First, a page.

An article published, on July 17th, in the Journal News provides additional evidence that New Rochelle school taxes will increase in excess of the 3.3% claimed by the district.
Back in early May I forecast that New Rochelle property owners could expect property tax increases between 6% and 9% (2 to 3 times higher then district projections) based on much higher then normal property tax relief appeals. The article in the JN confirms this as the number of property tax grievances is approximately double when compared to last year.
According to the JN roughly 21% of New Rochelle residential property owners have filed for property tax reduction. In my May 7th post I projected that the number would be 20%.
City tax assessor Louis Perone now says “The City is expecting around 2,500 (appeals) this year”. Last year 1,320 cases were filed. Perone expects a “majority” of the 2,500 grievances will be granted. Last year only 416 of the 1,320 (32 percent) were successful. When Perone states a “majority will be granted” we should expect something over 50%. I expect that number to be in the area of 75% to 80%.
Now that we know how many people have filed tax grievances the next is question is how much relief will those who are successful in their appeals receive. Using my own home as an example, I think it would be safe to say many of the homes in the City are currently on the tax roles at or near peak market values. The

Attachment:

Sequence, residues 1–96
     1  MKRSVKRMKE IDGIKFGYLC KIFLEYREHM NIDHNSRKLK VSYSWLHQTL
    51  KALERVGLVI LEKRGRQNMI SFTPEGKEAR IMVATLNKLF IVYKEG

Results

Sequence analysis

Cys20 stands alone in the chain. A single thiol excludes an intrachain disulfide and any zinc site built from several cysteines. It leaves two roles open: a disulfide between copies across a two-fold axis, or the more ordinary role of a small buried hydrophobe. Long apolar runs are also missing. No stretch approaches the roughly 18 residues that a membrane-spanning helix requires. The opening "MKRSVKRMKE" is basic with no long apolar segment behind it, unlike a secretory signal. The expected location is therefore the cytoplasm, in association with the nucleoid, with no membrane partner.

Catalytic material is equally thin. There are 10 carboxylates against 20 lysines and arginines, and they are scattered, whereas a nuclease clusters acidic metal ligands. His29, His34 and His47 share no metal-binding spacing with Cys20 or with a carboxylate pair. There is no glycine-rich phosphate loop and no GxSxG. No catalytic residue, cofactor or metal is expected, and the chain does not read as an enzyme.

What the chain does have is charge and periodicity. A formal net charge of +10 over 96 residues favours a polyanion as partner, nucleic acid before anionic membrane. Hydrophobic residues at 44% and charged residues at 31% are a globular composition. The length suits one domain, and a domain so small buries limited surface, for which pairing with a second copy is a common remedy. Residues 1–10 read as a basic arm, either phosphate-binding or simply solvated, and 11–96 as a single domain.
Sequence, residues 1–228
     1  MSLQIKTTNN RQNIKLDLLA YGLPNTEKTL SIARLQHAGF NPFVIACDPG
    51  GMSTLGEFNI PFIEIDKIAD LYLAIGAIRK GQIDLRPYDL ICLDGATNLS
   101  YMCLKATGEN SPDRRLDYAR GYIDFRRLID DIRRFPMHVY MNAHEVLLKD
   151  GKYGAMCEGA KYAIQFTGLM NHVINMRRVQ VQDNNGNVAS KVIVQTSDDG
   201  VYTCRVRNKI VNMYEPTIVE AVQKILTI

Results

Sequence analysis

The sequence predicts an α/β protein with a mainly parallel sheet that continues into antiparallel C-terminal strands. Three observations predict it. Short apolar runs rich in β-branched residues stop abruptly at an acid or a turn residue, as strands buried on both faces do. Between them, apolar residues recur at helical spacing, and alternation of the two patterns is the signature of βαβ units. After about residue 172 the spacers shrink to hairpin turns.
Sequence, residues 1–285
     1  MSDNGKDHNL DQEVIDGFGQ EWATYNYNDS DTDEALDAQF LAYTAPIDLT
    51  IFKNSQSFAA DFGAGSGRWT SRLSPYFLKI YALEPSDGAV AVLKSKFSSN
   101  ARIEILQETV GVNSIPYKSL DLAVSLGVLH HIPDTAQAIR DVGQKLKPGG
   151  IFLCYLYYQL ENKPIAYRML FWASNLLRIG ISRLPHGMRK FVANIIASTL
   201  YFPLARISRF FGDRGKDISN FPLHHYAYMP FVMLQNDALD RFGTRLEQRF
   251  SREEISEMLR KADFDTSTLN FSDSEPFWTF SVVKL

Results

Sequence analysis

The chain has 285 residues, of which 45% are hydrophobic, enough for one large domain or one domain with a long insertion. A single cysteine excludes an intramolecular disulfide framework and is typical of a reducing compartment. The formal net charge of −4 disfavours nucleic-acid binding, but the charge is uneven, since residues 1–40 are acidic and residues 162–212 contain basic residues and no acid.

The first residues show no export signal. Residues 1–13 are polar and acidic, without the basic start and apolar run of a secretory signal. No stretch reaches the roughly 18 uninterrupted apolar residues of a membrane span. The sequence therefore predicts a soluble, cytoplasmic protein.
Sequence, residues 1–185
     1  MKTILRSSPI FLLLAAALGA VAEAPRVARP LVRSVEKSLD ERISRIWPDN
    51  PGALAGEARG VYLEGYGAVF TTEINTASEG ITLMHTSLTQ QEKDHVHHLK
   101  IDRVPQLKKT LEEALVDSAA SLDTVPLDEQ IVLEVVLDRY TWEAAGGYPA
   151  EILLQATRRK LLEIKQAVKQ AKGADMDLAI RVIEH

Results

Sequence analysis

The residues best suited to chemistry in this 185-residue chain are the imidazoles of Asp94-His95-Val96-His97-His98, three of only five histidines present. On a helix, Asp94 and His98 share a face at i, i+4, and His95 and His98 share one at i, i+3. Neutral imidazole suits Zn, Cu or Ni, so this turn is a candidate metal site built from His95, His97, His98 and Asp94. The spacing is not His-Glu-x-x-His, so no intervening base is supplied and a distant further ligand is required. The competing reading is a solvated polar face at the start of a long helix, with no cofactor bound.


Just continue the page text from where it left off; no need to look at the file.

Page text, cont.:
Case-Shiller (CS) 20 City Composite Index is down 33% from its June 2006 high. The CS New York City Area index is down 22% from 2006 highs. In the July 24th JN there was an article stating that Westchester home prices were down 16.3% from June 2008 to June 2009. Using resources like Zillow.com and the MLS I have found many New Rochelle properties that are offered at 20% to 25% discounts from peak prices. Keep in mind these properties are offered at those prices it certainly does not mean that they are selling. Given these data points, it would be safe to say that NR prices are down 20% to 30% from the peak. Additionally, I would also point out that there is a statute in place which caps the maximum assessment reduction at 25%. I had originally modeled a 30% price reduction with a 20% rate of appeal. This produced a property tax increase of approximately 9%. However, with a maximum reduction of 25% that number falls to 7.5% and with a 20% factor you are looking at a 6% increase in taxes.
Building the Model is not the hard part knowing how to use it is!
In the arena of financial models, the best model is the one that is always correct. Nearly as good are models that are always wrong, provided that you quickly realize that they are always wrong. Not surprisingly coming into contact with these types of models is a very rare occurrence. The bulk of models are sometimes right and sometimes wrong. The key is to understand when your model is going to be right or wrong and how to interpret errors when they occur. Being able to integrate and interpret new information when it becomes available is also important. In this specific case of the New Rochelle tax assessments I built a “top down” driven model, as I had a limited set of inputs to construct it. I was actually able to get some very helpful information from the City Tax Office which was useful in the interpretive analysis.